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Dogs III - the return of the furbaby thread

Which Tyler

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16 minutes ago, Ran said:

It can be very tough for puppies in particular to begin with, because mouthing things is kind of a major way for them to explore and feel their environment as they're growing.

Labs are fairly "soft" dogs, so if she's mouthing at you, yeah, try making a yelp or cry sound and see if that gets her to break -- and then praise her when she does do so. It will take awhile for her to understand, so you need patience, and I'd suggest limiting your daughter's play with her until  you've got a handle on it. She can snuggle her and so on, but as soon as the puppy starts trying to mouth her just part them.

Sometimes, that hyperactive behavior is a sign of an over-tired puppy, too, so sometimes it makes sense to just leave her alone and see if she conks out. (Of course, it can also be a sign of an understimulated puppy! If it just woke up from a nap, yeah, it has a lot of energy to burn. If it's been awhile since it napped, it probably will do so if opportunity for amusement is reduced.)

Also, besides the hand going limp, it's more important to not turn getting at your hand/feet into a game -- don't just jerk away, she'll just try and chase after it as if it were a toy. Consider offering an alternative -- a chew toy or something, a rope toy that you can play some tug of war with if she wants -- as another approach.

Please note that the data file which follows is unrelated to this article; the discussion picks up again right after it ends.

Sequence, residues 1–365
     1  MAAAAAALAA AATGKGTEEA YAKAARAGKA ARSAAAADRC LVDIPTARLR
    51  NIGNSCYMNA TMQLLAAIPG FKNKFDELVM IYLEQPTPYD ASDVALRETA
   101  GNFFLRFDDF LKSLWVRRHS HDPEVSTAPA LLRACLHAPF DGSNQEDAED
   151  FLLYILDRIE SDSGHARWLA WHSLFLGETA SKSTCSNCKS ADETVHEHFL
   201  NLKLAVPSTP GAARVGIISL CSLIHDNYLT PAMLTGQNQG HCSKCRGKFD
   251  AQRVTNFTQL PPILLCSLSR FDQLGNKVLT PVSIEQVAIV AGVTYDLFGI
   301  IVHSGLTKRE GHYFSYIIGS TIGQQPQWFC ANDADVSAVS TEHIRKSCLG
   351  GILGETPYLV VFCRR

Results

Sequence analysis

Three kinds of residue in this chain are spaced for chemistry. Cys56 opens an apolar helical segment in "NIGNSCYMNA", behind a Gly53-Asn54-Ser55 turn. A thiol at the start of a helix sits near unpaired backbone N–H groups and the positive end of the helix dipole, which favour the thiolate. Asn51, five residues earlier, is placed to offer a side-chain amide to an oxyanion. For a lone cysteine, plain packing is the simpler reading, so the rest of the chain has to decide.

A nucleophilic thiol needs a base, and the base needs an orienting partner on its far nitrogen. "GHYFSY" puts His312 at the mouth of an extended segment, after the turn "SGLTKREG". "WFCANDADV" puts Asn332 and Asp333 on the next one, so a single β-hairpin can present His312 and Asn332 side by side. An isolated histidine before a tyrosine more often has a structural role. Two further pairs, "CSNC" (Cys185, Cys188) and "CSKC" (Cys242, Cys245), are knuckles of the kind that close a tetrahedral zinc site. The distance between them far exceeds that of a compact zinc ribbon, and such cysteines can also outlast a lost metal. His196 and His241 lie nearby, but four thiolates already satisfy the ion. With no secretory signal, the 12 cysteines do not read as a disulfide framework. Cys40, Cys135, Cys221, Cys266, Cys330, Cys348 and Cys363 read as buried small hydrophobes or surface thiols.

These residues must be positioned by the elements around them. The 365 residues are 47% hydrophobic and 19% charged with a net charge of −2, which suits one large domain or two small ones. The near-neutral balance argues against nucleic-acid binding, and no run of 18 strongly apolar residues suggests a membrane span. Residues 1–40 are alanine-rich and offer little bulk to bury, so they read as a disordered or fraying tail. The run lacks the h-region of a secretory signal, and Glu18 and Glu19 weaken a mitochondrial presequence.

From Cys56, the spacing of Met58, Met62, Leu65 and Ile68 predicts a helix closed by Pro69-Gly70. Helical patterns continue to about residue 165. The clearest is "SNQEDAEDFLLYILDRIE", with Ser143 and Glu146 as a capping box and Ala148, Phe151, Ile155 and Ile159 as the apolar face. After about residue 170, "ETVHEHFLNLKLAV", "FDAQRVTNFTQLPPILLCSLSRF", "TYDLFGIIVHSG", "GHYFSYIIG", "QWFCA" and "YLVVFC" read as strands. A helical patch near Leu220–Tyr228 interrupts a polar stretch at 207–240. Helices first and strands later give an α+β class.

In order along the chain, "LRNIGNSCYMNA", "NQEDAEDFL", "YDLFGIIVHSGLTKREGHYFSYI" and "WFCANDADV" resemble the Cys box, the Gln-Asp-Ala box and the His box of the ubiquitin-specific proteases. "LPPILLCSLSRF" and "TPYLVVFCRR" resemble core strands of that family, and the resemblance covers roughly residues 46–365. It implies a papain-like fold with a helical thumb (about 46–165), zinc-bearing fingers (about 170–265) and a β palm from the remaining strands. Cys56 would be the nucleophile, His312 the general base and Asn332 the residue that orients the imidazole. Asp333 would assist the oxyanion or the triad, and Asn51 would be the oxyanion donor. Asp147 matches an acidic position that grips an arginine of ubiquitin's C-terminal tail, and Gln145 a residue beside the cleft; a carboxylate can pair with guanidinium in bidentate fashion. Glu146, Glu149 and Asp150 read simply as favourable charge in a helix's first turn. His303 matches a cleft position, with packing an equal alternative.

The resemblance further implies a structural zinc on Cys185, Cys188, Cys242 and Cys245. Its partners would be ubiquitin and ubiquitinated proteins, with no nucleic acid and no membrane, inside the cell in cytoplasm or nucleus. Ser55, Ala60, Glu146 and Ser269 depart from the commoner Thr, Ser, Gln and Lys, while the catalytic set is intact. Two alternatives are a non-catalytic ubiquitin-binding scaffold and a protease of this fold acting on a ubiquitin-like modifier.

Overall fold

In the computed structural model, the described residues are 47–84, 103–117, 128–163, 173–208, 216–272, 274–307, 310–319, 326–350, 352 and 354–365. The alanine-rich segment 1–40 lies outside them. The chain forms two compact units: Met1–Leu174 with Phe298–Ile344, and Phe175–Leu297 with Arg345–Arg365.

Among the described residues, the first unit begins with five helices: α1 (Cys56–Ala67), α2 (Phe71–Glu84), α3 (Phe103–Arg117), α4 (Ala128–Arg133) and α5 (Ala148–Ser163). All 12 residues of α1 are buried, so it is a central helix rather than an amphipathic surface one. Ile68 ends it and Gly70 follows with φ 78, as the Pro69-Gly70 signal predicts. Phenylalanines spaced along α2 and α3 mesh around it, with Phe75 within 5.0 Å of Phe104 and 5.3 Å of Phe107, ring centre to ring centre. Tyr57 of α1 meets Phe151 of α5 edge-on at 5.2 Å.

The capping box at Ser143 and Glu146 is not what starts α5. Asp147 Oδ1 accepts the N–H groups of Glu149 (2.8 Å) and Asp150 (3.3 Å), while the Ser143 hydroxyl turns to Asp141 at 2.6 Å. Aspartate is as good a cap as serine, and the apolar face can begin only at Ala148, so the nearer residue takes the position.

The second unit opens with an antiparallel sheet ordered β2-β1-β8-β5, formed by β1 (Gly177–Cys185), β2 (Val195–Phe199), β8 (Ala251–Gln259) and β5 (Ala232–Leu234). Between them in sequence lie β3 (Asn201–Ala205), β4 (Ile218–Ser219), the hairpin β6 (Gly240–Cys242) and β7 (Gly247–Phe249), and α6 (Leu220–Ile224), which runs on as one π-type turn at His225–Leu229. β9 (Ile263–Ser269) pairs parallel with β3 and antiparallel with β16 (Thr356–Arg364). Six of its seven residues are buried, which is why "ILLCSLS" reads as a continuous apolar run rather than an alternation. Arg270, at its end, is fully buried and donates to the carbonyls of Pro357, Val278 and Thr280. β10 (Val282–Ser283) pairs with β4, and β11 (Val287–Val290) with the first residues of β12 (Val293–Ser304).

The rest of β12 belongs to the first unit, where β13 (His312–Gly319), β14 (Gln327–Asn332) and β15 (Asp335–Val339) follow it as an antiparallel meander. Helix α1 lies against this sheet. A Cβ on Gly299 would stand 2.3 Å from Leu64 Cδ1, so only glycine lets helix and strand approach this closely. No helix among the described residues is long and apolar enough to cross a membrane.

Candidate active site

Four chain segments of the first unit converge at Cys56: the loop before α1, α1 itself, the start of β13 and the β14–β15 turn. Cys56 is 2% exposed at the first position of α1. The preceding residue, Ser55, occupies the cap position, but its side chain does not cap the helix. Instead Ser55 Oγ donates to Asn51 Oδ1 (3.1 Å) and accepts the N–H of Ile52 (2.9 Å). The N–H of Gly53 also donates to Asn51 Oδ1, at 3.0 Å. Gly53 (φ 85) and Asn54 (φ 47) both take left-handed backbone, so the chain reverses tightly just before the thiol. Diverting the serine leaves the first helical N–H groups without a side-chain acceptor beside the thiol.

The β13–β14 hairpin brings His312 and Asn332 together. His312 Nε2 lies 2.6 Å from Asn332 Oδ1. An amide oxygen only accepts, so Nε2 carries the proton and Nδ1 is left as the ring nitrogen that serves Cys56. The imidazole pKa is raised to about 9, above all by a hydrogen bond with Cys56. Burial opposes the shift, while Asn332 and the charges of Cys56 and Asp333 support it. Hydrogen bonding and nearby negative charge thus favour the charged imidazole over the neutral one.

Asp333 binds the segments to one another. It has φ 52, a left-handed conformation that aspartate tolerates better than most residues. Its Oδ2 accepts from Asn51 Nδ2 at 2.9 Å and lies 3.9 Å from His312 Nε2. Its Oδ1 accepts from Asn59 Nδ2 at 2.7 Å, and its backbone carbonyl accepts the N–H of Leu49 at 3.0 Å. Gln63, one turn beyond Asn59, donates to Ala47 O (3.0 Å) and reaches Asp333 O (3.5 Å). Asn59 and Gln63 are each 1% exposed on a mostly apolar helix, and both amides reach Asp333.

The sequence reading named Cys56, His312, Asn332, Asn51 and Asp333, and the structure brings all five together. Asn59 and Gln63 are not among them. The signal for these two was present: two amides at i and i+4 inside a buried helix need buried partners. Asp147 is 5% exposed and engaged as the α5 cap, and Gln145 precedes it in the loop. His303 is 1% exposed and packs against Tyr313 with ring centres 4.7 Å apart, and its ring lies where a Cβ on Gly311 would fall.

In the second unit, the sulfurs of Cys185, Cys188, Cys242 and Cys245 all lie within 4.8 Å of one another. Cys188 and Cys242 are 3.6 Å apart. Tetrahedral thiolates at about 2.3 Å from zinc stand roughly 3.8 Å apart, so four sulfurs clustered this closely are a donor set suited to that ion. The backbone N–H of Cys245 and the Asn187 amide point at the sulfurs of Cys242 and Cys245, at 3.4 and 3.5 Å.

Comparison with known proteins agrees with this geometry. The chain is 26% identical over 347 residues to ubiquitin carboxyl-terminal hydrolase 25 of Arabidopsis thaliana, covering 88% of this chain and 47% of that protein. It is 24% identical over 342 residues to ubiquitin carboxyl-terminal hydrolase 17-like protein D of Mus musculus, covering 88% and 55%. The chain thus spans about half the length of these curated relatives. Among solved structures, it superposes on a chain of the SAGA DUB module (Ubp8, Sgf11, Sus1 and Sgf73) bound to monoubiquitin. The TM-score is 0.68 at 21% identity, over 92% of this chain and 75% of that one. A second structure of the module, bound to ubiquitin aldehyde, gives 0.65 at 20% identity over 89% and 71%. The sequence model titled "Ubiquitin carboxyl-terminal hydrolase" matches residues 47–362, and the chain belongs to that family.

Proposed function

Finally, you mention going away doesn't work -- you could always have a pen or something for her, but try to use it sparingly as a solution, rather than as the default for whenever she misbehaves. Treat it as a brief time out, like you'd do for a child.



Thanks. We do have toys for her including tug of war rope but her preference is a hand.

She was yelping at me for not getting her food in her bowl fast enough, which is good that her appetite is back

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Whilst on the "first dog?" bit.

Treat the puppy school (and puppy school, not so much 1-on-1 unless specifically required) as human-training with your dog along for the ride, because its you that's doing the learning, her a little, but not so much. And based around rewards and play is very important - basically, once she's got a mind of her own, you want whatever you've got to offer her to be more interesting than that cat on the other side of the road.

Socialising (once fully vaccinated) - needs to be done where she feels safe, and introduce her to as many different dogs, humans, and generally stuff that might spook her. But you also need to be careful not to over-stimulate her, and make sure she's comfortable whilst doing this. Good puppy classes will include a lot of this, and remember that you get to ask the trainer questions as well. Dogs spook at things like big dogs, little dogs, black dogs, tall men, short women, kids, hats, glasses, beards, deep voices, high voices, singing, horses... the list goes on and on. The more she meets these things whilst everything is new, and without being spooked, (and preferably without a big deal being made of it - maybe a little treat for ignoring it) then the more she'll ignore them later in life.
Oh, and when she's ready for walkies - get a harness (JuliusK9 would be my recommendation), rather than attaching lead to collar.
And finally: Penny is a lovely name for a dog - my niece has a Penny. But Nimue is far better (and yes, she is feisty) :p
Edited by Which Tyler
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